An Important Book for Women that I Almost Didn’t Read: A review of Playing Big
I’m sad that I avoided this book for so long. I misunderstood what it was. In the barrage of coaches pushing women to start their own businesses, charge more, grow a substantial email list… well, I saw the title Playing Big: Practical Wisdom for Women Who Want to Speak Up, Create, and Lead and thought here we go again. I'm not trying to be big, so I didn’t bother looking at it.
Then I stumbled across the book in the store while looking for a different title and, for whatever reason, I picked it up and read a few passages throughout.
Right in the introduction she spoke directly to me (and to you, too): "You are that fabulous, we-wish-she-was-speaking-up-more woman."
It wasn’t a business book; it was a soul book. Tara Mohr’s words were the exact words I needed.
The message isn’t about growing a business or becoming rich and famous. It’s about owning ourselves. Tara advocates getting in touch with our own wisdom, not finding mentors to pull us along through our work. She talks about dealing with fear and criticism. She talks about the language we, as women, tend to use that deflates what we are trying to say (“just,” “actually,” “I don’t know, but…”). She talks about callings: how to identify them, how to respond to them, and that they don’t actually have to be our source of income. And, just in case you’re worried your calling isn’t significant enough (for example, if you feel your calling to paint is frivolous because it’s not a calling to feed the hungry), she argued that all callings are significant (in the case of painting, you are adding beauty to the world which makes people feel good).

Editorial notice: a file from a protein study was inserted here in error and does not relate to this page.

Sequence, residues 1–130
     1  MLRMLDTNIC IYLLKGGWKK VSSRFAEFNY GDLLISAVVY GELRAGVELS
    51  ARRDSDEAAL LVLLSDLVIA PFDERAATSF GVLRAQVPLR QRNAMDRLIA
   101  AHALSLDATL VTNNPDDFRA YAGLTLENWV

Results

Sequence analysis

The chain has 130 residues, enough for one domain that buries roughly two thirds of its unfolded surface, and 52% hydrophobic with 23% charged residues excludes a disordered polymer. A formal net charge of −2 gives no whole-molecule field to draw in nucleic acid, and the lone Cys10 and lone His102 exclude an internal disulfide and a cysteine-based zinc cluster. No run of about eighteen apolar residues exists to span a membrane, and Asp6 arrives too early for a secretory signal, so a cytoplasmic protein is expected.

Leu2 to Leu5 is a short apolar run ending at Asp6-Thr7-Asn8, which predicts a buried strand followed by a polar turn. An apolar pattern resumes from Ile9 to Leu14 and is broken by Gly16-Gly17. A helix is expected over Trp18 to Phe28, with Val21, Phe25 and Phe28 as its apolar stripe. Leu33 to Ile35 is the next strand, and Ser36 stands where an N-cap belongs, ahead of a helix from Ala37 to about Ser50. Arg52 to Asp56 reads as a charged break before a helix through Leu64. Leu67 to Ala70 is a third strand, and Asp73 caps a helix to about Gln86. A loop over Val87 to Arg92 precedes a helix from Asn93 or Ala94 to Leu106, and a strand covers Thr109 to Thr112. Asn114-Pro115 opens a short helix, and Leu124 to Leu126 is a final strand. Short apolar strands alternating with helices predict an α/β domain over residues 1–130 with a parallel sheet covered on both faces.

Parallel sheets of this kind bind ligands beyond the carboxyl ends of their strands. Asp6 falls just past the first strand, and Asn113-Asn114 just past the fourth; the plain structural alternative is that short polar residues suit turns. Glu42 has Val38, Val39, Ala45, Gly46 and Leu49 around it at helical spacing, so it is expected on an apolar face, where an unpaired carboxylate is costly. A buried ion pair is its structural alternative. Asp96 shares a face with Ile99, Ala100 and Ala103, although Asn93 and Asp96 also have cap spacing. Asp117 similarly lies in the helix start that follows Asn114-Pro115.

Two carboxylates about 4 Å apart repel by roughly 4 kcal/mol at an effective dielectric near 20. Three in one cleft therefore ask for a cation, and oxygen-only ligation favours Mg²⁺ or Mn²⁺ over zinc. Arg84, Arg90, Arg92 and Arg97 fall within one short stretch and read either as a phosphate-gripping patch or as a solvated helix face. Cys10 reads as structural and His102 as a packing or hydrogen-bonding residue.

This book that I thought would be filled with the same old business coaching as every other book (I even found it in the business section of the bookstore), turned out to be so different. This is a book about women’s rights, owning your work, making your own decisions, and heeding your call even if you think you are unprepared.
Playing Big is an important book. I recommend it for adult women aged 25 to 100.